One of the interesting American artists of the first half of the 20th Century who one hears about from time to time is Brooklyn-born Guy Pène du Bois (1884-1958). His best-known works were painted in the 1920s, and portray a cynical view of the high society of the time. Du Bois, besides being an artist in his own right, was a writer and art critic, and was instrumental in publicizing the Armory Show of 1913, the first major exposure in America to what has come to be known as "modern art." Du Bois wrote a monograph on his painter friend William Glackens, and was well known in the circles in which Glackens traveled. He was, in fact, a student of painter Robert Henri, who with Glackens and other artists known as "The Eight," banded together to resist the conservative styles of their day.
Guy PÃ¨ne Du Bois: detail of photo from Archives of American Art.
Not too far from where I live, in Saratoga Springs, New York, there is a beautiful mural in the main post office, executed by du Bois during the Works Progress Administration of the 1930s and 1940s when the government contracted artists to paint over anything and everything that would give them a job. Interestingly, du Bois also painted a mural for the post office in Rye, New York, where I lived for a short time. While the public may view these two works during post office hours, there are from time to time more formal exhibitions of his work. One that I was able to catch was mounted by the Graham Gallery on Madison Avenue in Manhattan in 2004.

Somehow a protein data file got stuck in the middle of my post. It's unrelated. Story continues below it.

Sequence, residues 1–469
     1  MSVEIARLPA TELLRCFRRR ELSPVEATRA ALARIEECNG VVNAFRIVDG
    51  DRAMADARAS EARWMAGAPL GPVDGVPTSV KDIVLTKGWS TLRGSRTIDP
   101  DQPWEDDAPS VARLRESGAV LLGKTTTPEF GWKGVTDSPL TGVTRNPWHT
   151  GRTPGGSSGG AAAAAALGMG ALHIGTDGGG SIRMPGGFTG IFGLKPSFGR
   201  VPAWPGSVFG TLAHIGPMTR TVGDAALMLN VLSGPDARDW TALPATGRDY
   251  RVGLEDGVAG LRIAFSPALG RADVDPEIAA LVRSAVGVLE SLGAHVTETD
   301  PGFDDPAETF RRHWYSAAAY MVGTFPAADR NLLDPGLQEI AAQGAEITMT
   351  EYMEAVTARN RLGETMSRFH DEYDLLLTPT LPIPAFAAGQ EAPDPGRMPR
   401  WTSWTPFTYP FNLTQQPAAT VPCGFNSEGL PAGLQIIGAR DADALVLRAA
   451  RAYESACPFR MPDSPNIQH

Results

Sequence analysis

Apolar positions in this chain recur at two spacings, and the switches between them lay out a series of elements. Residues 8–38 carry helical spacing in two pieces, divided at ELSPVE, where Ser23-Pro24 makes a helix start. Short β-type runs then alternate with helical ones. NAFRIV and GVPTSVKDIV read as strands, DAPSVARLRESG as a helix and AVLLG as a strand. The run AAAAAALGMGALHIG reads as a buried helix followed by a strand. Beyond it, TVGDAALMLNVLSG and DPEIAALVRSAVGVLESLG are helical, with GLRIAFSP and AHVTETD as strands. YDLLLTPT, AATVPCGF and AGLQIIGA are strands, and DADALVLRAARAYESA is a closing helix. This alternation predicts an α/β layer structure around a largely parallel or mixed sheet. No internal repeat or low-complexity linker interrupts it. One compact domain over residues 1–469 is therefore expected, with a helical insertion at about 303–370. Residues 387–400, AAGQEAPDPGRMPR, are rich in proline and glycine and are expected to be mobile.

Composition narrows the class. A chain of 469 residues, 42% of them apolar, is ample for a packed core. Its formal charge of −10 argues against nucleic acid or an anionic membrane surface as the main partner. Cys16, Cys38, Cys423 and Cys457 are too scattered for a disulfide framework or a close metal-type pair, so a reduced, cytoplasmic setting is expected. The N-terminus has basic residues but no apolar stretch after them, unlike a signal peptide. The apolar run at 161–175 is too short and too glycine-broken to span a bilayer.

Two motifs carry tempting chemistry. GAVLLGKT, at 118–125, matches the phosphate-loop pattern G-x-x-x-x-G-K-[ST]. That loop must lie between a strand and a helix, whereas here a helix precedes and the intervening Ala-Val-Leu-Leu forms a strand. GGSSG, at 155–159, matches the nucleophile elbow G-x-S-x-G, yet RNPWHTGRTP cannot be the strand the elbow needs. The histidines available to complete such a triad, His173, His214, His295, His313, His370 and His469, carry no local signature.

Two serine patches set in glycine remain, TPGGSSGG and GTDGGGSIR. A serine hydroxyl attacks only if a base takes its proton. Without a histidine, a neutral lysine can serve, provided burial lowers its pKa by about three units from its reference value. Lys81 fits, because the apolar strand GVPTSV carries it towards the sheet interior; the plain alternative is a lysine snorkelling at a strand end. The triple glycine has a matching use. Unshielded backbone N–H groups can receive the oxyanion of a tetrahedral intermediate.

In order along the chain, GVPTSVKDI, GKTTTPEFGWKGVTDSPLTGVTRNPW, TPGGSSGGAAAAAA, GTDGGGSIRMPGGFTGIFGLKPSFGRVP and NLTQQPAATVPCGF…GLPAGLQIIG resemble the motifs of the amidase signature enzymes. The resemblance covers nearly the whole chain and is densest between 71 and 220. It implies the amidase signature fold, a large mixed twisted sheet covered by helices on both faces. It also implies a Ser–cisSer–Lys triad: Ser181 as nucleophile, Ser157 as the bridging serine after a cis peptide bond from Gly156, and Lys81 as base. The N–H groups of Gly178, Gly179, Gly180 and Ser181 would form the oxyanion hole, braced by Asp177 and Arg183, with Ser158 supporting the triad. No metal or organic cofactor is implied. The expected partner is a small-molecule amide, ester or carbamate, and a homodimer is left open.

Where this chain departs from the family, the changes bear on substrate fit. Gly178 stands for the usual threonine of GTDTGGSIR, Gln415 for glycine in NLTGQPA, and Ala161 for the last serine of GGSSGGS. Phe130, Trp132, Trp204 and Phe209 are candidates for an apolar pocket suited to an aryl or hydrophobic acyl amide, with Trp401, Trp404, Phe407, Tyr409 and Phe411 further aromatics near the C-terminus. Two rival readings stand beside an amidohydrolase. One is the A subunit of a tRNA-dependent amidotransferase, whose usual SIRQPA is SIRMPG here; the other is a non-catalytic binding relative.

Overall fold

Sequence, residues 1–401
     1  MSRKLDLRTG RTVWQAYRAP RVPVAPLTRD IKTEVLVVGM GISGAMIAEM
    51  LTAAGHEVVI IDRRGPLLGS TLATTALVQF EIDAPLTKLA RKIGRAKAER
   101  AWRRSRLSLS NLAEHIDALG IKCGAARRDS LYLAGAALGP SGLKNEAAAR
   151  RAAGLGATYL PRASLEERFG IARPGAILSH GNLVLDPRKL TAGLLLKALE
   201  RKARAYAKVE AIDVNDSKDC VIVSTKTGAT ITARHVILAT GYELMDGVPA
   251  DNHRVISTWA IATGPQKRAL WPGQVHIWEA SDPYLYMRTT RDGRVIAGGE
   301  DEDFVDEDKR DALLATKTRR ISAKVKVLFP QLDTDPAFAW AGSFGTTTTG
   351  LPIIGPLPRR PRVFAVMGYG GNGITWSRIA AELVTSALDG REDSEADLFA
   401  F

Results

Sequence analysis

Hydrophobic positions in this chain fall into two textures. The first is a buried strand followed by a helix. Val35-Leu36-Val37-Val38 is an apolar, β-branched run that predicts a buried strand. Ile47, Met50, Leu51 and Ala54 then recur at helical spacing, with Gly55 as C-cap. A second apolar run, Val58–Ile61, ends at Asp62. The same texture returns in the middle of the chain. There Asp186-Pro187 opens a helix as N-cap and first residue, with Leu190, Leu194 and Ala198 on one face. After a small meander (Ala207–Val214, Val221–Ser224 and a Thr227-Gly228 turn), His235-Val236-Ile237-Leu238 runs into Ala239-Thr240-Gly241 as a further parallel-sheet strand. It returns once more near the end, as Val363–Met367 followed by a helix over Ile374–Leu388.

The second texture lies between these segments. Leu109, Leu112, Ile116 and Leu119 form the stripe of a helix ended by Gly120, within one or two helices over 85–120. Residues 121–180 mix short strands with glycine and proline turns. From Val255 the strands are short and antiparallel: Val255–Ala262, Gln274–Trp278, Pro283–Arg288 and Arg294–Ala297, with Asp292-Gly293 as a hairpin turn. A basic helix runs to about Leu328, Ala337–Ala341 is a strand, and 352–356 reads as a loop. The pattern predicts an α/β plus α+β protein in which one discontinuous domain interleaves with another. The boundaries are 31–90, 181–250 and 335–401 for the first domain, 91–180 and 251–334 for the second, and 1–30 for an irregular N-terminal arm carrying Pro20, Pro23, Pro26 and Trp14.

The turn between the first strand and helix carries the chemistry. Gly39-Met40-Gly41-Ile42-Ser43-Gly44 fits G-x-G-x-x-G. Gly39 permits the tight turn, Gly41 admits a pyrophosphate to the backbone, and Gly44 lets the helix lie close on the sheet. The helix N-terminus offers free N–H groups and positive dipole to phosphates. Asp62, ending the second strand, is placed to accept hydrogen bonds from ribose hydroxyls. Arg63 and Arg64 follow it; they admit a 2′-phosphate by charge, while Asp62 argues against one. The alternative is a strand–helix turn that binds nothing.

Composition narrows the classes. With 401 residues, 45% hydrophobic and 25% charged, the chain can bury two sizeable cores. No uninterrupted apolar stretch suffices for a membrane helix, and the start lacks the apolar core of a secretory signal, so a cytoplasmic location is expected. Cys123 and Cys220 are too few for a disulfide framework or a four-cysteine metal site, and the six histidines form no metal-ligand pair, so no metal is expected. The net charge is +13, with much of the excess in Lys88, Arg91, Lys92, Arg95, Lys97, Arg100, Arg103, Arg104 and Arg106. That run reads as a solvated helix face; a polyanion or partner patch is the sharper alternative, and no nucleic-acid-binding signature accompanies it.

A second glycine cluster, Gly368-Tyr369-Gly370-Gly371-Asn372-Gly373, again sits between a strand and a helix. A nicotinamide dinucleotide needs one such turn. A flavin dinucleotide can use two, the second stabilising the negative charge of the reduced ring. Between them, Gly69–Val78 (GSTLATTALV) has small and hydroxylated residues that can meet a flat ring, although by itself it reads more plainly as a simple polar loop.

The Saratoga Springs, N.Y. Post Office sports a mural by Guy PÃ¨ne du Bois.
Du Bois must have been captivated by the beauty of William Glackens's daughter-in-law, Anne (Nancy) Henshaw Middlebrook Glackens, because he painted her portrait, which is now part of the collection of the Museum of Art, Fort Lauderdale.
Labrador Farm, the Glackenses' country home in New Hampshire.
Guy had a beautiful and talented daughter, Yvonne (1913-1997), who followed in her father's footsteps and became an artist. As the Glackenses were collecting recipes from friends, they must have asked her to make a contribution, which she did, leaving in the Labrador Farm Cookbook a handwritten account of a recipe for lemon meringue pie, which is the one we shall explore today.
Yvonne PÃ¨ne duBois, Conway, New Hampshire, 1939.
Lemon Meringue Pie
2 tablespoons of butter
cover the bottom of a pie pan with this mixture
smoothing it over with the back of a spoon
filling = The yokes of four eggs
2 cans of condensed milk
Grate the rind of two lemons and put it to one side -
then beat the eggs, condensed milk and lemon juice together until smooth and pour into the pie plate. Sprinkle the rind on the top.
Meringue = beat the four egg whites until stiff
add one half cup of sugar and 1 teaspoon of vanilla
Beat this mixture until smooth and cover the top of the pie -
bake it in a 375 degree oven for about ten minutes - or until meringue is brown
Yvonne Pène du Bois
I'll admit that I did not carry out Yvonne's instructions slavishly. For example, I could not imagine that the pie filling would be cooked in ten minutes! Examining other recipes of a similar nature, I found that the recommended time in the oven was 30 minutes, at least for the Key Lime pie recipe on the container of condensed milk.